The intersections between public and private, art and life, history and the present, among others, have always informed my work. I use mapping and indexing to recreate/reconstruct the space-time surrounding my life and other pockets of history. As my first ancestors arrived in North America the 1630s, the history of my family is entwined with that of the United States and thus colonization. That story is a brutal and conflicted one and through broad research I have been thinking of the ramifications of my ancestors being such a part of these wholly unequal encounters.
For several years, I have been mapping interactions between indigenous peoples and various governments. This moves beyond my earlier work with indexing toward a more physical method of mapping which involves walking and driving boundaries while using tools such as GPS and Google Earth. I began by pulling maps from the Library of Congress of the treaties between various indigenous tribes and the United States government, overlaying them on the actual location in a GPS program, then going out and shooting at intervals along the entire boundary. I then overlay the photographs on the original map section in a grid format for the digital print.
A video component of this overall historical and genealogical project is made using stop-motion. The video takes the data from the Library of Congress treaties and shows one step at a time the march of the US across North America from 1785 to 1894. Using plastic toy cowboys and Indians to represent the tribes and the United States, the colors slowly change indicating the removal of native land from all but a few remote locations.
As a counterpart to this research on the actual land and treaties, I traveled to Europe where I transposed maps of the North American/Caribbean colonies onto locations in Europe and then photographically mapped them. I researched my family genealogy and remapped then the land they left. I created new works in the UK, Netherlands, Belgium, and Germany.
Another addition to this post-colonial work is set in Panama. When I began thinking of the rifts between the continents, I immediately thought of the Panama Canal as the literal representation. I could think of no better place to tie the continents back together. I mapped representations of the continents on opposite sides of the canal and mapped the United States in the canal. This trip allowed me to investigate and produce artwork about many of the issues surrounding Panama and United States relations.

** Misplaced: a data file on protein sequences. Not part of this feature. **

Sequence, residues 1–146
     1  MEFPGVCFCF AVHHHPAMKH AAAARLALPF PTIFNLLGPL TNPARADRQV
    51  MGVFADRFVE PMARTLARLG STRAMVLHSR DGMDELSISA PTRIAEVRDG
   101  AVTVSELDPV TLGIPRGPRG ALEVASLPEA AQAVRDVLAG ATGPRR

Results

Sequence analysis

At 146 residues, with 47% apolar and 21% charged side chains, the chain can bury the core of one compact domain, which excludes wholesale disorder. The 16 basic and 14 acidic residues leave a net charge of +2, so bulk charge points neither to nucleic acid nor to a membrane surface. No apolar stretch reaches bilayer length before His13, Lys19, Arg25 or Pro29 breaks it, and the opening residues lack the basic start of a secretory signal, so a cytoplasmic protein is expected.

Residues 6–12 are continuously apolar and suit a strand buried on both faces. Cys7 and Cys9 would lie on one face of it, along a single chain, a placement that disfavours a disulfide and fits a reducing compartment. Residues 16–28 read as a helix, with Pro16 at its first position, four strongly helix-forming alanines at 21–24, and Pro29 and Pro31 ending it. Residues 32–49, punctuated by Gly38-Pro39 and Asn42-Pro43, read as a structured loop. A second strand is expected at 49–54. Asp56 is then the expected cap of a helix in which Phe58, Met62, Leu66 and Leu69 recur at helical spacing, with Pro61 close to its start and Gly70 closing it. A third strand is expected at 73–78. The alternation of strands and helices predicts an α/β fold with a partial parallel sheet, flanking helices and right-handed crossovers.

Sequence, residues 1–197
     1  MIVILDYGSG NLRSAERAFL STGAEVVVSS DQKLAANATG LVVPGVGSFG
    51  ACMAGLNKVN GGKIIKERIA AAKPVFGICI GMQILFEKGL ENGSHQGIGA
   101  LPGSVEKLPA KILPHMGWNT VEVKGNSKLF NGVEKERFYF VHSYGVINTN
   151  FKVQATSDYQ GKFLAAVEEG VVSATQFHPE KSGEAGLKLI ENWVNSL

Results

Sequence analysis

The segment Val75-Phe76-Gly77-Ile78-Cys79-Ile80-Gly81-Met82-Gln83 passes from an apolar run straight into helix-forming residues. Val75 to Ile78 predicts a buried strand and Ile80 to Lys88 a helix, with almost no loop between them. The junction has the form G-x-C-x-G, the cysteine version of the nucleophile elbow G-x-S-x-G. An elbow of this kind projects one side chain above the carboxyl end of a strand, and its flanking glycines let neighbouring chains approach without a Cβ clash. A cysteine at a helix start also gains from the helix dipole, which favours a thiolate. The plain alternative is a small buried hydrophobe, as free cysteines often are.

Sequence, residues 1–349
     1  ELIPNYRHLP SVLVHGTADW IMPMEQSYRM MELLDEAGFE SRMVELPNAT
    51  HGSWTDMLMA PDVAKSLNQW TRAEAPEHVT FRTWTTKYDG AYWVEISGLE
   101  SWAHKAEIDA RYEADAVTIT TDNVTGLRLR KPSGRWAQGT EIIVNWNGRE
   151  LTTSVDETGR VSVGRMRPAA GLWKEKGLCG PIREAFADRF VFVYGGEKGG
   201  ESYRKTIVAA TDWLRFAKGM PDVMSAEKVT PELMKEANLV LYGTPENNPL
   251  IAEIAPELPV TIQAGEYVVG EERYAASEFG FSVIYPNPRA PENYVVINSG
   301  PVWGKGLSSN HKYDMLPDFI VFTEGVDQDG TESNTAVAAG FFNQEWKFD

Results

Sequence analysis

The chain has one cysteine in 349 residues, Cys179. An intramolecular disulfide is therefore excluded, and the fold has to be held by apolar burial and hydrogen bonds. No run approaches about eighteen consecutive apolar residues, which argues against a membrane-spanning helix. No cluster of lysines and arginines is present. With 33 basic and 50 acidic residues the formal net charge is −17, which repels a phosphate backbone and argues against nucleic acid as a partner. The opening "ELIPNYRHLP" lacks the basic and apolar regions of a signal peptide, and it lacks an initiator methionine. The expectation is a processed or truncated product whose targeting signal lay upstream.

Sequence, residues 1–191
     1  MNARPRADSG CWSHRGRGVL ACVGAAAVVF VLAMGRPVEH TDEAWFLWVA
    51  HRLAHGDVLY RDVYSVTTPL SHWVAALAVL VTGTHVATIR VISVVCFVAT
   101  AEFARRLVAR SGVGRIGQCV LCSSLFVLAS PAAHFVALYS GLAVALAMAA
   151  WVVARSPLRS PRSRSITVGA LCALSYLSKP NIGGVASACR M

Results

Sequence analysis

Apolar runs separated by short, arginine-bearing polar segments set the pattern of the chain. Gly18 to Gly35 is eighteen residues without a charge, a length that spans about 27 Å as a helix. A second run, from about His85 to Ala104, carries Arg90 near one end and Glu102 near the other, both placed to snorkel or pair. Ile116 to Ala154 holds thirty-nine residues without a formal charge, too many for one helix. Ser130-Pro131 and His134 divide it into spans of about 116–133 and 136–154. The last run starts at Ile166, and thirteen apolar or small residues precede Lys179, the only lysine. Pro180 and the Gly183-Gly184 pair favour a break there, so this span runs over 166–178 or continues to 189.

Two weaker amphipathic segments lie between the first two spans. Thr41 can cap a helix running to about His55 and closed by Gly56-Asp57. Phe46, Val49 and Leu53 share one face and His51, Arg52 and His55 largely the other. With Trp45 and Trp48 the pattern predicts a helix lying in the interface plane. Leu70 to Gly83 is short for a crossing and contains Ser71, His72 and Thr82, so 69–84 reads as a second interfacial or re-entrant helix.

An additional part to this body of work was mapping on the island of St Martin. It is the smallest island shared by two colonial powers. I walked and boated the 9 mile border between the two countries and also mapped representations of the European nations onto the side they claimed.
The most current, and broad, component of this overarching body of work is photographically mapping whenever I am in a formerly colonized country. France in Vietnam, Netherlands in Indonesia, England in Malaysia. Mapping a representation of an invader back onto the places of colonization.
Through all of these related projects I seek to illuminate a history that has been sanitized and distorted. Making the photographs using preset conditions instead of my own ideas of photographic beauty is a process that is hard to accept, but important for my process of understanding. The arbitrary notion of borders is one thing I am seeking to bring to the table. The ludicrous nature of colonizing another country is another part that intrigues and yet baffles me.
Several of these projects were funded through New Frontiers Exploratory Traveling Fellowships through Indianapolis University, Purdue University, Indianapolis.